Have you ever traveled through outer space as Beethoven’s Fifth, First Movement played in the background? The opportunity is coming closer and closer to Baltimore. Earlier this fall, Johns Hopkins University announced a new concentration called “Immersive Storytelling & Emerging Technologies.”
The program, to launch in January, will be the newest addition to JHU’s Film & Media Masters of Arts Program. Program director Roberto Busó-Garcia said the program will “create a space to explore some of the most pressing issues related to emerging technologies and immersive experiences as they relate to storytelling, artistic expression and social impact.”
It will be a new offering in a program that is focused on inclusivity. Hopkins’ Film and Media Master of Arts program is among the most diverse graduate programs in the country, boasting a population of nearly 70 percent women and 80 percent people of color. The new concentration will charge a third of the tuition of similar programs at New York University or University of Southern California, according to the university.
The program is being designed and led by Gabo Arora, an award-winning filmmaker and VR director, who previously served as the UN’s first Creative Director. “I began my journey in virtual reality filmmaking at the United Nations with the goal of using this new and rich storytelling medium to create for some of the world’s most pressing challenges,” he said in a statement.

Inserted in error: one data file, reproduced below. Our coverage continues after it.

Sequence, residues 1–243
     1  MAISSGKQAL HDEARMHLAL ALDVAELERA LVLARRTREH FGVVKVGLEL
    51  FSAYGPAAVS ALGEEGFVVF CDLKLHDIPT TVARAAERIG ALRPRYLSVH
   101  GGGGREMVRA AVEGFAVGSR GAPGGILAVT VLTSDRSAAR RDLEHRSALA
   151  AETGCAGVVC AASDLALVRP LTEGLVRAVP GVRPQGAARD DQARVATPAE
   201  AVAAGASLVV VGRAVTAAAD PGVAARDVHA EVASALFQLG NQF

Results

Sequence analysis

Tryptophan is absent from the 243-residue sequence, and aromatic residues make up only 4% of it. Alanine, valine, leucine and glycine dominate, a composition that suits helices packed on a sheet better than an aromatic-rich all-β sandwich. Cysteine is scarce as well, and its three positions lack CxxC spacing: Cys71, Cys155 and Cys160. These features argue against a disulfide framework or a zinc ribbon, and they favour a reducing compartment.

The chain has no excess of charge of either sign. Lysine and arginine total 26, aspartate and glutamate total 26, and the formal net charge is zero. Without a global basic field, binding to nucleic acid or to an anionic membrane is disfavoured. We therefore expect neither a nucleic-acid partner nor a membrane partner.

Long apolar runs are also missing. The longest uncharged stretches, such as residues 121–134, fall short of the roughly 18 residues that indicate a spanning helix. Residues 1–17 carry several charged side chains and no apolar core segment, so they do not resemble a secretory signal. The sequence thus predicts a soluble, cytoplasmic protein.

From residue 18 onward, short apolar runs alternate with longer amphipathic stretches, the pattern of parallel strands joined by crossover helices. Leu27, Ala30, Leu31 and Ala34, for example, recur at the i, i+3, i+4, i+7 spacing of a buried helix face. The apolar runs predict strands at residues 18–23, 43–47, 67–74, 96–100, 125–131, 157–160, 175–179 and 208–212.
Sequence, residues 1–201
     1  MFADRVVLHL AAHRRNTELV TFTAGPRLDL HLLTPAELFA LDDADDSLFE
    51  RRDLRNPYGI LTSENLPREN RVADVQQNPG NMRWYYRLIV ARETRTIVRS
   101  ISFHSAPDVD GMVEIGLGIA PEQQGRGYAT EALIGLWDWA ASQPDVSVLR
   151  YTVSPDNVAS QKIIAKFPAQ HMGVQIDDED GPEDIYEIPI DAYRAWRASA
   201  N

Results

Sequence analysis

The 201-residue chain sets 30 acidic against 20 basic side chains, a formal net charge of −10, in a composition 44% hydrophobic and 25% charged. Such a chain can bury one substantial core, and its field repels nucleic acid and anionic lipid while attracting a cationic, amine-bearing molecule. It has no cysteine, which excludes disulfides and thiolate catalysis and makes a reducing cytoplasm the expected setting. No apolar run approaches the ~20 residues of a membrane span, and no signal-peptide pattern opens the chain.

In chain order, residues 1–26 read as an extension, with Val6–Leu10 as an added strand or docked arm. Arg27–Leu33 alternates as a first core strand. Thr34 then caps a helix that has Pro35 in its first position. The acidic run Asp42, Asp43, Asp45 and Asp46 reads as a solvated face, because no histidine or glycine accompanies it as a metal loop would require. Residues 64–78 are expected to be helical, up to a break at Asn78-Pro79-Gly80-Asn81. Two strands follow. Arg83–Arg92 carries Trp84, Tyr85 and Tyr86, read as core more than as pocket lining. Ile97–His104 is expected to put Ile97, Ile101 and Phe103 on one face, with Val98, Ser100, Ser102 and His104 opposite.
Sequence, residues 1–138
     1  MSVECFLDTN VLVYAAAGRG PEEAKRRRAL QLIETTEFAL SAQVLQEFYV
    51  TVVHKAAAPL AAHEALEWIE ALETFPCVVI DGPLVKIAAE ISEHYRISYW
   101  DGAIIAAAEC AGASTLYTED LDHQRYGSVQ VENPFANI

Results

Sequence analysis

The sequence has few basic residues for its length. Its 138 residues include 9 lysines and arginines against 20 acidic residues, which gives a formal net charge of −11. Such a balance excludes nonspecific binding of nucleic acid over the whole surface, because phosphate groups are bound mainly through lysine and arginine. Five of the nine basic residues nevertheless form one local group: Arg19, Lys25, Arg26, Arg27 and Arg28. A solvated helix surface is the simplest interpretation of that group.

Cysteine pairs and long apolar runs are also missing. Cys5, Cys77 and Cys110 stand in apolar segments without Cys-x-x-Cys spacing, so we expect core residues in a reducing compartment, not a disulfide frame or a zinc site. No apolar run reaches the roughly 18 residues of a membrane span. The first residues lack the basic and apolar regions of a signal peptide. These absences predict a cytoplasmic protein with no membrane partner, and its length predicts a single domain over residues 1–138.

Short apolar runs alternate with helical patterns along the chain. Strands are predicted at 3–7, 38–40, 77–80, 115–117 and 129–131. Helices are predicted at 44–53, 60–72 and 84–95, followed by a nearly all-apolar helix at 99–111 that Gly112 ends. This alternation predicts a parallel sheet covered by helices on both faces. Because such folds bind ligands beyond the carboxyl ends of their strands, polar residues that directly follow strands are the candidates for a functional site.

Students will be given access to high-quality equipment in classes led by distinguished faculty dedicated to potential social impacts of VR.
There were already signs of the program. On Oct. 7, Johns Hopkins held a free, hands-on Immersive Media Conference to display the program’s materials to the public. The conference featured speakers such as Arora, Oculus Executive Producer of Experiences Yelena Rachitsky, Variable Labs CEO Barry Pousman and Jessica Brillhart, the principal VR filmmaker at Google.
The conference hosted an array of special VR projects available for viewing, such as Lincoln in the Bardo, a VR adaptation of George Saunders’ Man Booker prize-winning novel, and Beethoven’s Fifth, First Movement, in which viewers are transported into outer space with a performance of the melody by the Philharmonia Orchestra, London.
Johns Hopkins has previously supported projects that embrace virtual reality and other technology through a film-focused incubator, and the participants showed a desire to give voice to the unheard. The addition of the concentration is another sign that new technology is becoming an important component of the conversation around the future of filmmaking.